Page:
This is the second article based on the words/phrases used in Economics.
Economics cannot be left on its own, can it?
So better study some of its terms to have a better understanding of it.
1. Amortization: Amortization (or amortisation) is the process of decreasing, or accounting for, an amount over a period. The word comes from Middle English amortisen to kill, alienate in mortmain, from Anglo-French amorteser, alteration of amortir, from Vulgar Latin admortire to kill, from Latin ad- + mort-, mors death. When used in the context of a home purchase, amortization is the process by which your loan principal decreases over the life of your loan. With each mortgage payment that you make, a portion of your payment is applied towards reducing your principal and another portion of your payment is applied towards paying the interest on the loan. An amortization table shows this ratio of principal and interest and demonstrates how your loan’s principal amount decreases over time.
2. Assets: Things that have earning power or some other value to their owner.
3. Balance of payments: The total of all the money coming into a country from abroad less all of the money going out of the country during the same period.
4. Business Cycle: The cycles of boom and bust. The long-run pattern of economic growth and recession.
5. Cartel: An agreement among two or more firms in the same industry to co-operate in fixing prices and/or carving up the market and restricting the amount of output they produce.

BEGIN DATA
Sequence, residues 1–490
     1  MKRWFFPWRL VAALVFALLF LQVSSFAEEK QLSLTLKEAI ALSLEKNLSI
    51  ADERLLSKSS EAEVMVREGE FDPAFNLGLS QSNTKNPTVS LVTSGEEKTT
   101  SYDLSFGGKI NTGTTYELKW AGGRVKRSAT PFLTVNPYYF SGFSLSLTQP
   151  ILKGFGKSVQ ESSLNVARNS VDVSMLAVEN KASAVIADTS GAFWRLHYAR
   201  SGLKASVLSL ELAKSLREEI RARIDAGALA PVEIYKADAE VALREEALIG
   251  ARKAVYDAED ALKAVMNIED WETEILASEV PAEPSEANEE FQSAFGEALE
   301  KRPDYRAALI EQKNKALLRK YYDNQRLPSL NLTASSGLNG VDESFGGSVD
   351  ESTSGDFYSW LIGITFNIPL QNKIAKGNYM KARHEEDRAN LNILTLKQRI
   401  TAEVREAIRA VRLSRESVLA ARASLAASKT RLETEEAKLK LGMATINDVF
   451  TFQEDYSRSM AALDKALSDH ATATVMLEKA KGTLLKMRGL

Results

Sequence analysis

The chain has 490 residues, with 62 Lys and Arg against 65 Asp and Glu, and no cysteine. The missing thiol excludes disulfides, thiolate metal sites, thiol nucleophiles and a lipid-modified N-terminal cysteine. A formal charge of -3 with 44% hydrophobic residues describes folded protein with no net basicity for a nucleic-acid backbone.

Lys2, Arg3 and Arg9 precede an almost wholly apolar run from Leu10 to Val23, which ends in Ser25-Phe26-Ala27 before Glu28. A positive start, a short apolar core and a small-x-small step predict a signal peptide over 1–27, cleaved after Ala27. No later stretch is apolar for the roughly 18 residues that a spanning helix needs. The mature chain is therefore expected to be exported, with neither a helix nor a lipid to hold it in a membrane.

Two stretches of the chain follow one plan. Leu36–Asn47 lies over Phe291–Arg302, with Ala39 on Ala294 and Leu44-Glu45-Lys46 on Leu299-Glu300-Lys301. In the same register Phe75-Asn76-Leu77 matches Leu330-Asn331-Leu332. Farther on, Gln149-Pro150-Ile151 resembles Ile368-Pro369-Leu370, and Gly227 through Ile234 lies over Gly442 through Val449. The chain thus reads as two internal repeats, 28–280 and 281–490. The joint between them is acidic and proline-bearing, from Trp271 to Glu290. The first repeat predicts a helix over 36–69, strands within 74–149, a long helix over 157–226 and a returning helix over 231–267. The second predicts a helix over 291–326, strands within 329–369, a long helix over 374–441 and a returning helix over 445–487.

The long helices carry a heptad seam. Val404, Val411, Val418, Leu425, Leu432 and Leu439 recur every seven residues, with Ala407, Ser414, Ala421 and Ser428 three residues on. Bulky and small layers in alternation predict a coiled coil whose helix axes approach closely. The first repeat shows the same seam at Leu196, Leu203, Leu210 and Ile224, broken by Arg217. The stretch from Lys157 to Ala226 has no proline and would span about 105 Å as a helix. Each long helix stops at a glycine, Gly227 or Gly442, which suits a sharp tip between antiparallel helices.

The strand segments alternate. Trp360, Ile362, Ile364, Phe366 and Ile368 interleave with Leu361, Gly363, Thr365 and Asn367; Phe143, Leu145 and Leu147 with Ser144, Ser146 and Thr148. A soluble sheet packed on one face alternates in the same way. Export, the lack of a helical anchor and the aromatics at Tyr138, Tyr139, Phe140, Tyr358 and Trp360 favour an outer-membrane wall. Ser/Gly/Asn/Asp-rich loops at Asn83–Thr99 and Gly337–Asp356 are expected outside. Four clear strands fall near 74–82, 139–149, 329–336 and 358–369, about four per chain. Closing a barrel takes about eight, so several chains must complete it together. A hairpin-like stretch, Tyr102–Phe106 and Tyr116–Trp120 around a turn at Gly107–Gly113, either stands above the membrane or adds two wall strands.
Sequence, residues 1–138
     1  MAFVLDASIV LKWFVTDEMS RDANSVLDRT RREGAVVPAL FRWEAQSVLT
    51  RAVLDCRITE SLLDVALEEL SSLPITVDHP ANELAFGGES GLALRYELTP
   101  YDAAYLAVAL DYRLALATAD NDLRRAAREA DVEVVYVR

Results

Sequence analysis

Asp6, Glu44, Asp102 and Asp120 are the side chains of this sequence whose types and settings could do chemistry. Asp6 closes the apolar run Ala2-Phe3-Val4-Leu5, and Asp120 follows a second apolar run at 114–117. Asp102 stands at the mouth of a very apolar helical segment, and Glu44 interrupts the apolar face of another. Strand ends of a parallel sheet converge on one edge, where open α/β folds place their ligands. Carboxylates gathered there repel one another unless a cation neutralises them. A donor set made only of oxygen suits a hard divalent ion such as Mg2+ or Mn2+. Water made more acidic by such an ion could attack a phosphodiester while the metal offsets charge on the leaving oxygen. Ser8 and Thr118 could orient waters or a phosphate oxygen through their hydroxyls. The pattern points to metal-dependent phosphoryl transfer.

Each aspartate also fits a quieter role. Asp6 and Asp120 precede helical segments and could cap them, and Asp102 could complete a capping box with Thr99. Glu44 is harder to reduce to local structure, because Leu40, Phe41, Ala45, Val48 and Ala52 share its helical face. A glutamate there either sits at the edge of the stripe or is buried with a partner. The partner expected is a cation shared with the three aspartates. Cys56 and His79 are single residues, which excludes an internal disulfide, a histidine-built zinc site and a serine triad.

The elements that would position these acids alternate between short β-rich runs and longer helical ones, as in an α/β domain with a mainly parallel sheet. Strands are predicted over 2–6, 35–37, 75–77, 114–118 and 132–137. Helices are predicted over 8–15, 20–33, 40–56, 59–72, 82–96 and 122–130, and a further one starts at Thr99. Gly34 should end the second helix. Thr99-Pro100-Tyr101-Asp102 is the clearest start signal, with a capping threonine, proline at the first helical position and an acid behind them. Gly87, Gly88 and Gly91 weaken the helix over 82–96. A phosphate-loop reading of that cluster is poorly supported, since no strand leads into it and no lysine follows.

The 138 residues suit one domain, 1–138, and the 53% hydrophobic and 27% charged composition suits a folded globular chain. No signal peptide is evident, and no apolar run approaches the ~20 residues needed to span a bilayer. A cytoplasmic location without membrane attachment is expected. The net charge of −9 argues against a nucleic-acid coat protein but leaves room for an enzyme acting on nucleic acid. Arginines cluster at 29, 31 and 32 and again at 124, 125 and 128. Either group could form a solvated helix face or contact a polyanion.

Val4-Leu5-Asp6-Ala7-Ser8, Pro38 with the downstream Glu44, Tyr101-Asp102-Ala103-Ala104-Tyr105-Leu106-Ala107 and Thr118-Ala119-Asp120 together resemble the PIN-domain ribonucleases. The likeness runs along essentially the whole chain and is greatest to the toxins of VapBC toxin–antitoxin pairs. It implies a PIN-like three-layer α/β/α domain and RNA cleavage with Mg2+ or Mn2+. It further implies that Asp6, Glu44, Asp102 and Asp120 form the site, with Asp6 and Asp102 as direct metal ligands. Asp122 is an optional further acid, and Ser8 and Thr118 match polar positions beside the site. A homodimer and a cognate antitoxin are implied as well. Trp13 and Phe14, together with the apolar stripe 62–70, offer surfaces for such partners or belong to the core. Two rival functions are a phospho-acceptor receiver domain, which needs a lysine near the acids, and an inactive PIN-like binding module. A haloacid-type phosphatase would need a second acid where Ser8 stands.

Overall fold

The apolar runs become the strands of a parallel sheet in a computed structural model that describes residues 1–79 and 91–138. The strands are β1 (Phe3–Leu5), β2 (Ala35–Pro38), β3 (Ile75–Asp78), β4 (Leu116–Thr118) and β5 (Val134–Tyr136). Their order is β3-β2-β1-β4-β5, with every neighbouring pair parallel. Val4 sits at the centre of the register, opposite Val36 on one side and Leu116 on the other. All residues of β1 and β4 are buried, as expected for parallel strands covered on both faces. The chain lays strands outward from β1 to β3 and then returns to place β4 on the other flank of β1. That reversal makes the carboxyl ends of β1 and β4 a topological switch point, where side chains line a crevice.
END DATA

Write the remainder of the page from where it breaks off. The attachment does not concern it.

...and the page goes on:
6. Ceteris paribus: A latin phrase meaning “Other things being equal”. Economists use this latin phrase to bail themselves out of tricky situations. For example, they might say that “higher interest rates will lead to lower inflation, ceteris paribus”, which means that they will stand by their prediction about inflation only if nothing else changes apart from the rise in the interest rate.
7. Economies of scale: Bigger is better. In many industries, as output increases, the average cost of each unit produced falls. One reason is that overheads and other fixed costs can be spread over more units of output. However, getting bigger can also increase average costs (diseconomies of scale) because it is more difficult to manage a big operation, for instance.
8. Depreciation: A fall in the value of an asset or a currency; the opposite of appreciation.
9. Derivatives: Financial assets that ‘derive’ their value from other assets. For example, an option to buy a SHARE is derived from the share.
10. Devaluation: A sudden fall in the value of a currency against other currencies. Strictly, devaluation refers only to sharp falls in a currency within a fixed exchange rate system. Also it usually refers to a deliberate act of government policy, although in recent years reluctant devaluers have blamed financial speculation. Most studies of devaluation suggest that its beneficial effects on competitiveness are only temporary; over time they are eroded by higher prices.
Read the first article in the series HERE.